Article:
Some other polls we recently held give further insight into what we sometimes refer to as “horizontals” that span specific industry “verticals.” These are technologies like AI/ML, 5G/6G, security, safety, and digital twinning:

Augmented reality (AR) and virtual reality (VR) transform the consumer industry. We gamify our day-to-day lives with step counting to compete amongst friends and families. We take games on the road into augmented realities, like how some of my family experienced Paris a couple of years back more through Pokémon Go than the real world. And we now discuss the emergence of even more deeply virtualized digital experiences like the Metaverse. Using digital representations of supply chains, we now have a real shot at limiting or even eliminating food waste.

Advances in computing and connectivity are the key enablers of the transformations above. Their associated industry sectors are less obviously visible to consumers like you and me. The computing industry has already had at least four distinct waves from mainframes through computers in every home, the internet connecting them, followed by the most recent decade of mobile computing and the cloud.

The networking/comms industry simultaneously talks about 6G while currently rolling out its fifth-generation network. It has evolved from the first generation of voice-centered brick phones that only business people like Gordon Gecko would use, through 2G networks opening up to voice-only consumer devices. 2G also enabled texting on non-QWERTY keyboards, which is just as foreign to Gen Z as turntables and mix-tapes. 3G was business-centric again, with Blackberry transforming email, and 4G and 4G/LTE brought the mobile internet to consumers. Today, 5G is addressing a blend of consumer and business requirements. Experts expect its evolution towards 6G to unlock the communication needs for truly immersive virtual reality, for digital replicas often referred to as “digital twins,” free-viewpoint mobile TV, and high-fidelity mobile holograms.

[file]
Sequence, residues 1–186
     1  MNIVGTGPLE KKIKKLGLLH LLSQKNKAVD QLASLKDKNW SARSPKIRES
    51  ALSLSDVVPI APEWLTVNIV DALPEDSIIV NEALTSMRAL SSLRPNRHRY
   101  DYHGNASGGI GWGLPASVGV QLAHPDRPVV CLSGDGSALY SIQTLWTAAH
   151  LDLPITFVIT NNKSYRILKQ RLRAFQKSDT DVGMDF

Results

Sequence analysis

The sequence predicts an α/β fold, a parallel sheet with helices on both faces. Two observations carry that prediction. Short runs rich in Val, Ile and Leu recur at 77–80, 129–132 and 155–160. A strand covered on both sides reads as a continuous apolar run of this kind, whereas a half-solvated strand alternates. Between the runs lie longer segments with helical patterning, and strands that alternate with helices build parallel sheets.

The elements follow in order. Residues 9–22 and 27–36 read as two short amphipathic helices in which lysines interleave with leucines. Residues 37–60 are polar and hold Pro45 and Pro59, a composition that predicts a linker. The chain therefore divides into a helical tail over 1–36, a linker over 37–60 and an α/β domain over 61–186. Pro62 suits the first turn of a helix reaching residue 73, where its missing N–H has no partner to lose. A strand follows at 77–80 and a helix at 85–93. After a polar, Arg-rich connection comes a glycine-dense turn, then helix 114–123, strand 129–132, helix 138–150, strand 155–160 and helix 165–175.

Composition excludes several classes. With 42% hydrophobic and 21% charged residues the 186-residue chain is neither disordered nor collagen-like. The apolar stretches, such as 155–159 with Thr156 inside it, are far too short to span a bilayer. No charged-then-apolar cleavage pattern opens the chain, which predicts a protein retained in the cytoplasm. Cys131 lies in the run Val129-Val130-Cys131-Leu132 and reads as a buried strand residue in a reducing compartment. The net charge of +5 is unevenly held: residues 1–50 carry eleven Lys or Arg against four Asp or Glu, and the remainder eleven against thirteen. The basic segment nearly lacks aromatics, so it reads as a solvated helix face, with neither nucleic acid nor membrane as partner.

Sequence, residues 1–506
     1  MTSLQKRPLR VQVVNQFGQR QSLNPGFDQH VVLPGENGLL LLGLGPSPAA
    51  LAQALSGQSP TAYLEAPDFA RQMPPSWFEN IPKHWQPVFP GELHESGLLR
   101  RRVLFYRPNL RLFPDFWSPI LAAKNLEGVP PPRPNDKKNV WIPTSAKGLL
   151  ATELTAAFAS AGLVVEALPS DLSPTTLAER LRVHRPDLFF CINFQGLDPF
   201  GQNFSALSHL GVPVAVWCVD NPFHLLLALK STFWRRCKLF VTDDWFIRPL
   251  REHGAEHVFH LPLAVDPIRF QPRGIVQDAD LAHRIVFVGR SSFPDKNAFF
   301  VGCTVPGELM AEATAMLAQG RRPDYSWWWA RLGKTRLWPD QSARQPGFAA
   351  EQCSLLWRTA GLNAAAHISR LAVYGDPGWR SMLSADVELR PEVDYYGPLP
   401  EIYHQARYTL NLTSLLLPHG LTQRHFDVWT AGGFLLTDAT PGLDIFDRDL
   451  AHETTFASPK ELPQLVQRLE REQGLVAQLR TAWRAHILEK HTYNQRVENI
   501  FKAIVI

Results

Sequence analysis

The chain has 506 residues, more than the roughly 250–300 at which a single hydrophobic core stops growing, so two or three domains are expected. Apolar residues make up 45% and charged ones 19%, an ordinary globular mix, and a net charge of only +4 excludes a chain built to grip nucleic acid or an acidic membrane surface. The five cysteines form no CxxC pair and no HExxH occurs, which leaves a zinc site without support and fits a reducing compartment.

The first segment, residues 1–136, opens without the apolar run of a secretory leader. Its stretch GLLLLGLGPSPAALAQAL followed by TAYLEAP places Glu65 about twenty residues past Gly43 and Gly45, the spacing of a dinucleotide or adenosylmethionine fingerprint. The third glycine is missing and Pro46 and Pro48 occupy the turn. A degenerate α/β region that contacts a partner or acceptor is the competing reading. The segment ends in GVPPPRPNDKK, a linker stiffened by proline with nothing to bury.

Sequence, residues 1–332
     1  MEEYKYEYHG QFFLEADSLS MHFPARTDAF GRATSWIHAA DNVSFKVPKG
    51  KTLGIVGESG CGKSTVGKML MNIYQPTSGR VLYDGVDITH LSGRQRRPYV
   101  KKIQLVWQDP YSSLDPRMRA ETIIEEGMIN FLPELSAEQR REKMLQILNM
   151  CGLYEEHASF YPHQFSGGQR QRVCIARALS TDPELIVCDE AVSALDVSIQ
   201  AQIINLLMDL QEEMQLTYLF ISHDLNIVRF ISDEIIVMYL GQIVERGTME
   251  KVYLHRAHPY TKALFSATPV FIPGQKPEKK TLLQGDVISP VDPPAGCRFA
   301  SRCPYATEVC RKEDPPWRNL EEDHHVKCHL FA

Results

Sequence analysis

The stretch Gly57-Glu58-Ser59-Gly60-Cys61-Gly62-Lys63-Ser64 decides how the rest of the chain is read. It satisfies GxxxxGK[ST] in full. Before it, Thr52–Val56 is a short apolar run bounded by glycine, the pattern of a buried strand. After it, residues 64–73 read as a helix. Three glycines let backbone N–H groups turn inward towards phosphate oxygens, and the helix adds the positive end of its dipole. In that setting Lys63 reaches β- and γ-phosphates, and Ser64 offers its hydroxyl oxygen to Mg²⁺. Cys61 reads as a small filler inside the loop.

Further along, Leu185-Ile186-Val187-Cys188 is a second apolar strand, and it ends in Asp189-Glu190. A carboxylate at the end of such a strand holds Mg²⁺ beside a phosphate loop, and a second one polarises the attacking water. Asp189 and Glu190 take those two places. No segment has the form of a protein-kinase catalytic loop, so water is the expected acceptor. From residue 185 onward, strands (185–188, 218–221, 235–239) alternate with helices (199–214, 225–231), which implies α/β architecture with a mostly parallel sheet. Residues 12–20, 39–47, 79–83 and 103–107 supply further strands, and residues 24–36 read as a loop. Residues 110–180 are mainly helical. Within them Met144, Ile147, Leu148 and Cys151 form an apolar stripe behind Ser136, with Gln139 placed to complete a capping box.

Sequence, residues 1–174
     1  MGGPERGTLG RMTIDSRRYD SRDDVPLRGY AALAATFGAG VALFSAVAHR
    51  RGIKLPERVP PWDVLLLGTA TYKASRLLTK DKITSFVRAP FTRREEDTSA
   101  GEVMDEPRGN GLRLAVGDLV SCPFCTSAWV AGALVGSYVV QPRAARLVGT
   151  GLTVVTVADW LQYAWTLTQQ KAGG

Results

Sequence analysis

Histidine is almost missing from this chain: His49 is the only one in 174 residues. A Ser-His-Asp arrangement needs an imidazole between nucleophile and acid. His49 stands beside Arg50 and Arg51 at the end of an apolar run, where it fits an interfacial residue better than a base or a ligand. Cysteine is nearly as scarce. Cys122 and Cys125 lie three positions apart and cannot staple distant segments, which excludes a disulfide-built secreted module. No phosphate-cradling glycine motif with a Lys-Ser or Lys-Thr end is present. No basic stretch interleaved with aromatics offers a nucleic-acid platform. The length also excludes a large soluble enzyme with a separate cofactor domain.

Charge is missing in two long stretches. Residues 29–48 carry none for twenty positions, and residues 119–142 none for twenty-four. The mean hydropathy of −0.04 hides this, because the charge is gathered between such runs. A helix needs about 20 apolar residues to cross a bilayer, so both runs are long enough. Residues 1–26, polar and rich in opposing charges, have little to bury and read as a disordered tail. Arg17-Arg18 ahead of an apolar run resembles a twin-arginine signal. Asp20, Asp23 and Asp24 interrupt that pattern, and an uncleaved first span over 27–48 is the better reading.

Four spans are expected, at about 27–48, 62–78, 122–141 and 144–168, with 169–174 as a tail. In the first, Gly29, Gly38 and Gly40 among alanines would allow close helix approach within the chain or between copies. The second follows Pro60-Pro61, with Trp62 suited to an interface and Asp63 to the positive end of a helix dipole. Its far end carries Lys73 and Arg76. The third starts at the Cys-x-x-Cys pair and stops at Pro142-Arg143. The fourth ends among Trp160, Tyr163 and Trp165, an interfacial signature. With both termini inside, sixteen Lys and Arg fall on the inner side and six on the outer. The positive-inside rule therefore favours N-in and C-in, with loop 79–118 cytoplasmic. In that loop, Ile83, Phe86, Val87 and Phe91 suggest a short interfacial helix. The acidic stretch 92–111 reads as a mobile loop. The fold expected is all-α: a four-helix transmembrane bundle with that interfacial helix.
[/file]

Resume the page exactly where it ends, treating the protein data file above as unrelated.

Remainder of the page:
While the hyperscaling of computing and communication, combined with advances in artificial intelligence in machine learning (AI/ML), enables a bright future for consumers, it does not come without challenges and questions regarding sustainability. Advances in electronic design automation (EDA), computational software, and semiconductor technology were critical to keeping the growth of energy consumption of data centers at “only” 6% from 2010 to 2018 while, in return, delivering six times more workloads, ten times more internet traffic, and twenty-five times more storage. And our polls seem to confirm that we engineers are on the hook to help with sustainability:

We live in fascinating times, and “design for context” in electronics will be at the core of life-changing transformations.

Leave a Reply

(Note: This name will be displayed publicly)